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The future of work in europe

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As companies and governments around the world grapple with accommodating changes in the workplace, the workforce and the nature of work itself, we are pleased to be continuing our Future of Work foresight programme. Building on previous global research undertaken over the past few years, we are now looking in depth at six pivotal issues that have been prioritised as areas of major potential change. These are digital skills, soft skills, reinventing roles, the blurring of work, green jobs and digital productivity. Initially taking a European focus, with the support of Amazon, over the next couple of months a series of expert digital workshops are exploring the core shifts ahead and their implications for organisations and wider policy.

This PDF sets the scene for the dialogue both within the workshops and more widely. If you would like to be involved or have comments on the potential changes ahead, do let us know and we can accommodate. As always all discussions are under the Chatham House Rule and so there is no attribution and, as we progress with each area, we will be sharing a synthesis of all new insights and recommendations over the rest of the year.

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The future of work in europe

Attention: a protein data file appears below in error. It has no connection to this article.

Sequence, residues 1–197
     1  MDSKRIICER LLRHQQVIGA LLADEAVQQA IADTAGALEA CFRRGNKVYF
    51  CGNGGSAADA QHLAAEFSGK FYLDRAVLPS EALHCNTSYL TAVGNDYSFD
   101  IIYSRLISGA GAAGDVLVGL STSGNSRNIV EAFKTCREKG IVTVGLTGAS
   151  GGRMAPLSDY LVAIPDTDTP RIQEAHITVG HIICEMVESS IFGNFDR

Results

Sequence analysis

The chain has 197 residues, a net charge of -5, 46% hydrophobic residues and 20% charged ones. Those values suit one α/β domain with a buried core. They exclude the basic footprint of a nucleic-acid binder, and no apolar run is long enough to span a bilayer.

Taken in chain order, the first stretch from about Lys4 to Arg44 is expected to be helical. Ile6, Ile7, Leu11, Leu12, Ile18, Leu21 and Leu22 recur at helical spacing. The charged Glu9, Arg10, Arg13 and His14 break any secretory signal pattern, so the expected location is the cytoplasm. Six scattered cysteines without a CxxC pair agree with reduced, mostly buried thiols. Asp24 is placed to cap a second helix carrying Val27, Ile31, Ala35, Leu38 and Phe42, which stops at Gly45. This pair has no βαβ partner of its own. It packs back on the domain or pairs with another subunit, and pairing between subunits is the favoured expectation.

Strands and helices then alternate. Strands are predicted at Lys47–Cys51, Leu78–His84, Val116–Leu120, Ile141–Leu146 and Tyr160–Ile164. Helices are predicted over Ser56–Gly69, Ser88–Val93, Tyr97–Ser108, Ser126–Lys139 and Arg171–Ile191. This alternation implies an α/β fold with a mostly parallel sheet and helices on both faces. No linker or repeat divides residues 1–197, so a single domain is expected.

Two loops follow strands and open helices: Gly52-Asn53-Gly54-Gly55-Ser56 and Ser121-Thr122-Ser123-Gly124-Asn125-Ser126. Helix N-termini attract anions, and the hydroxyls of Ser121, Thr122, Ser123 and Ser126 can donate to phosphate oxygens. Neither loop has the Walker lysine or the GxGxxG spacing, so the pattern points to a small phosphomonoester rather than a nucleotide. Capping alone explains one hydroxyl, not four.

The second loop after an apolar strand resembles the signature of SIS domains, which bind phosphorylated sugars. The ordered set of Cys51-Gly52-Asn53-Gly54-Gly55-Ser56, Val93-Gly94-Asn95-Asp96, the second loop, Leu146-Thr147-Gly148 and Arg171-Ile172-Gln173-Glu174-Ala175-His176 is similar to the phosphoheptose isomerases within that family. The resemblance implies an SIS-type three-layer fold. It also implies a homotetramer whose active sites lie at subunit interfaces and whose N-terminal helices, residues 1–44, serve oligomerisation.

1. 1. 1 The Future of Work in Europe THE FUTURE OF WORK IN EUROPE September 2021
  2. 2. Contents Introduction 4 Executive Summary 5 Research Methodology 6 1. Digital Skills 10 2. Soft Skills 16 3. Re-inventing Roles 20 4. Blurring of Employment 24 5. Green Jobs 28 6. Digital Productivity 32 Next Steps 36 Get Involved 37 Appendix: The Future of Work – 30 Foresights 38 Refrences: 44
  3. 3. Future of Patient Data Insights from Multiple Expert Discussions Around the World Introduction This report, commissioned by Amazon’s Public Policy team in Europe, builds on the outcomes of a significant open foresight study on the Future of Work and Digital Skills, and identifies six key issues that we believe should be progressed to build an equitable, digital, nature-positive, and net-zero future for Europe. To move towards concrete recommendations, progress is required in terms of both action and policy. • Action in terms of scaling up existing programmes that are working, and identifying and creating new programmes to fill gaps. • Policy to ensure that the necessary legal, regulatory, and incentive structures are in place at regional, national, and EU levels for individuals, businesses, and those who support them.